Maison Pic, now located in southeast France not far from Lyon, has been in the family for four generations. “At the origin, in 1889, my great grandmother was cooking (ingredients) that my great grandfather hunted and farmed. She decided to open a restaurant in Ardèche. Her cuisine became famous,” says Pic.
Pic’s grandfather, André, then took over the family restaurant after a 10-year apprenticeship in Valence, Lyon and Paris. “He created the gratin of crayfish tails—which became an iconic dish—as well as the bladder chicken, lobster Newburgh and hare on the spit, to quote some of them.” Maison Pic was awarded three Michelin stars in 1934 under André.
André’s son, Jacques, Pic’s father, had wanted to become a mechanic but his father was ill and could no longer stand in front of the stove. So Jacques decided to become a chef as well. His cuisine was based on the terroir of the Rhône Valley, and he cooked with “precision and finesse,” according to Pic. Jacques created the now-iconic caviar sea bass and the red mullet and foie gras mosaic—and regained three Michelin stars, lost in the 50s, in 1973.
Like her father, Pic also set out to have a career other than cooking. “I completed business school and traveled in Japan and the U.S. Once I graduated, I decided to come back home to learn cooking with my father,” says Pic. “His sudden death, a few months later, was a terrible shock.” Pic, 23 at the time, worked alongside her father—and teacher—for only three months before he died. Pic’s brother took over Maison Pic briefly from their father in 1992.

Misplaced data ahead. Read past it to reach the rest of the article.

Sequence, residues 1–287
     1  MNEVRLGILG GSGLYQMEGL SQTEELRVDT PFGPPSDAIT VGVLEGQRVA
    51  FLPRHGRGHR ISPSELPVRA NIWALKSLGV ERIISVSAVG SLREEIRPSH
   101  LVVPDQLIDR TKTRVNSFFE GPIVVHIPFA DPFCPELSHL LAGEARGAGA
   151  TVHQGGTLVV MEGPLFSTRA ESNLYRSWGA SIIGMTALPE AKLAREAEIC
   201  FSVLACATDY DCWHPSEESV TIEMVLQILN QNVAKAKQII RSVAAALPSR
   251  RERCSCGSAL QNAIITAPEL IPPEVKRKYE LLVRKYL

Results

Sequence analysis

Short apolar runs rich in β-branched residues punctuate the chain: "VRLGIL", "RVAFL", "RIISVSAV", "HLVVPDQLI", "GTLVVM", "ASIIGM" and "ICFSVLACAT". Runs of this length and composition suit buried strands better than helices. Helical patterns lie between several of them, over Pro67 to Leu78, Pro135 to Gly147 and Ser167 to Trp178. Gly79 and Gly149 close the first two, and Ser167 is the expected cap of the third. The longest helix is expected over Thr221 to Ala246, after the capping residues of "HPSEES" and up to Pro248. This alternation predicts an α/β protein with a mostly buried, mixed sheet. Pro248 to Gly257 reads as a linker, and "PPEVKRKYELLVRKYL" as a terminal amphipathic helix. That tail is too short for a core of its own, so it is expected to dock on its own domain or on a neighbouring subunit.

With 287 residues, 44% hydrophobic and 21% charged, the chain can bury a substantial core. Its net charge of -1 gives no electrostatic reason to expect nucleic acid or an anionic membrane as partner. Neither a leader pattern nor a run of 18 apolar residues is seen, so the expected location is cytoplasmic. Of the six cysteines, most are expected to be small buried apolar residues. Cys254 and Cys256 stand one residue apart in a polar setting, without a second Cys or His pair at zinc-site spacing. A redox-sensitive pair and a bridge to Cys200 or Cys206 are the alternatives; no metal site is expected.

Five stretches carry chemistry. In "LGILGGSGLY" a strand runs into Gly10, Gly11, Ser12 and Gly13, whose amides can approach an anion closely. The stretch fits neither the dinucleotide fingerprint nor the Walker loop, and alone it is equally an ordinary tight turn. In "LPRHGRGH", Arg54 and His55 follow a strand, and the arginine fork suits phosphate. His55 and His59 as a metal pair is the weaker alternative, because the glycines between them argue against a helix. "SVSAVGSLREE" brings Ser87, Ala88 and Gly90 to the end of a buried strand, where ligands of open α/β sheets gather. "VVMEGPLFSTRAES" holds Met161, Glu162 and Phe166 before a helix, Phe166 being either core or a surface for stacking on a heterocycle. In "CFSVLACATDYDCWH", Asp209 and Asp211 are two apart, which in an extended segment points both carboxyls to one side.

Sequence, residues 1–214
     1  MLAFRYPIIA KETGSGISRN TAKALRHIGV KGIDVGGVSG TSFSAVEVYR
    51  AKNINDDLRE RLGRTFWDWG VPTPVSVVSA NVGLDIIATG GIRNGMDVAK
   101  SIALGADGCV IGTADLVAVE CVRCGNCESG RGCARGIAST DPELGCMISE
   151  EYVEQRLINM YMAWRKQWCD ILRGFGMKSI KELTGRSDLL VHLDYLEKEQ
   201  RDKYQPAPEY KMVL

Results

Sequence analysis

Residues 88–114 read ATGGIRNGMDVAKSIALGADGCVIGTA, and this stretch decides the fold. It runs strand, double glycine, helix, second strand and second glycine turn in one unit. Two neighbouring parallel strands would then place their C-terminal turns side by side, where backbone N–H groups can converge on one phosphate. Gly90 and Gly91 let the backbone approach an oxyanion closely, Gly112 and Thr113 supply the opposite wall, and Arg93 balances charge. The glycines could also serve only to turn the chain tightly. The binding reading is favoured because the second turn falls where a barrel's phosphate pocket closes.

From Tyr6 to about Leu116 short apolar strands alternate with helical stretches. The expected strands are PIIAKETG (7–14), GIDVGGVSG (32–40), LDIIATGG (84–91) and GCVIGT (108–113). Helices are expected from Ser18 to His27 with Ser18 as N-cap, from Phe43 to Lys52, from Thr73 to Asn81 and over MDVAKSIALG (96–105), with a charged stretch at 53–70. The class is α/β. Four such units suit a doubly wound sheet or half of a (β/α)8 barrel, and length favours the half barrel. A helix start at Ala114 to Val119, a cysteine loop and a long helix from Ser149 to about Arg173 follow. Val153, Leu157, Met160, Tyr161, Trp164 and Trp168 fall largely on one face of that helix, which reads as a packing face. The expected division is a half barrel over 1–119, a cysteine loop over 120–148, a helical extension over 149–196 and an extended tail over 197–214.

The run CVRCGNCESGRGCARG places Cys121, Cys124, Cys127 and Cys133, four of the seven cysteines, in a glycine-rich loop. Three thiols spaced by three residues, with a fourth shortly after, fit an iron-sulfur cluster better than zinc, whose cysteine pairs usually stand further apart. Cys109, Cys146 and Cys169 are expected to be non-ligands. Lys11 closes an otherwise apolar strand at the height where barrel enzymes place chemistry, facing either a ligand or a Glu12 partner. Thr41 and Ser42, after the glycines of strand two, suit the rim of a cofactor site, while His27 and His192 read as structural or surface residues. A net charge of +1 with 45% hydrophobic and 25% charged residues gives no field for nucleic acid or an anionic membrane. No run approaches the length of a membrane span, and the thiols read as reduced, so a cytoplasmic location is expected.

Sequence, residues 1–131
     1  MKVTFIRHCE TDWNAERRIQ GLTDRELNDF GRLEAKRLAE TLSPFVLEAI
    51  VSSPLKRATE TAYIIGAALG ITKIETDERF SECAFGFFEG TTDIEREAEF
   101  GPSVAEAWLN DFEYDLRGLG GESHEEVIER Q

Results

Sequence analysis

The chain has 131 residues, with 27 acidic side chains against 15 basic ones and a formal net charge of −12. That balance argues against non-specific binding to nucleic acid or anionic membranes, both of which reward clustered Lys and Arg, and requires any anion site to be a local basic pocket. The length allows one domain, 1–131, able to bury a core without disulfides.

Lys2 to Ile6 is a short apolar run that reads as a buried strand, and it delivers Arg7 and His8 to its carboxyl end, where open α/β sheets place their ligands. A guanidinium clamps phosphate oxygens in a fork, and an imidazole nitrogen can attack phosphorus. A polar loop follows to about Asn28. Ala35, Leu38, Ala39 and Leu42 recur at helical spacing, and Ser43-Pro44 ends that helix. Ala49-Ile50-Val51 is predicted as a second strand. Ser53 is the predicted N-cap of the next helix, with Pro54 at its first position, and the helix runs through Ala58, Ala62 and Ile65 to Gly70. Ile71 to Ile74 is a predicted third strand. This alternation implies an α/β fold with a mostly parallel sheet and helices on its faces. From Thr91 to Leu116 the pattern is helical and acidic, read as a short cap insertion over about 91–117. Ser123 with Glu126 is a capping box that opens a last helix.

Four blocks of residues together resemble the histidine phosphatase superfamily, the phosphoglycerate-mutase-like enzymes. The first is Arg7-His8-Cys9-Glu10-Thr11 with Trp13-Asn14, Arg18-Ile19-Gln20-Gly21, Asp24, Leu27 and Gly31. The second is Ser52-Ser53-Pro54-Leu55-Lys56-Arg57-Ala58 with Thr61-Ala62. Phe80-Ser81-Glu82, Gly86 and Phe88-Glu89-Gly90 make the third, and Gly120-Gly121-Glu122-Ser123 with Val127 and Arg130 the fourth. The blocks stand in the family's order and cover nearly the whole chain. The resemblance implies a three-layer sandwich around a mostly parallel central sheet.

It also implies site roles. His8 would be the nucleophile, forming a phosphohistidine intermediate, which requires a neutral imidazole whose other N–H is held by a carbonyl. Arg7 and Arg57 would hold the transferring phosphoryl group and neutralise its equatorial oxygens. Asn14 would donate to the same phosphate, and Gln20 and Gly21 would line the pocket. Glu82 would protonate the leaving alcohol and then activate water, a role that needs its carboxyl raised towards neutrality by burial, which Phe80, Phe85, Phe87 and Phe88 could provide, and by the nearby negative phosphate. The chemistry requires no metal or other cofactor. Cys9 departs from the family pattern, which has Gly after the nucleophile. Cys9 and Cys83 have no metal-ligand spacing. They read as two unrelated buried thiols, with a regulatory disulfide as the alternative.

The restaurant lost its third star in 1995. “For me, it was like my father was dead again. And at this moment, I decided to regain the star for my father’s memory,” says Pic, who was then 25. Two years later in 1997, she took over as the head of the kitchen. “It took me 10 years to achieve my goal, and for me it was the beginning of something, to be able to follow my own creative path.”
“It was a challenge to take over from [her father] Jacques. She has shown a lot of people that it doesn’t matter if you’re a man or a woman. If you’re someone that can have dedication and respect and passion you can achieve so much,” says Crenn, who first met Pic in 2015 in New York when they both received leadership awards from the Culinary Institute of America. “She made it because she worked very hard.”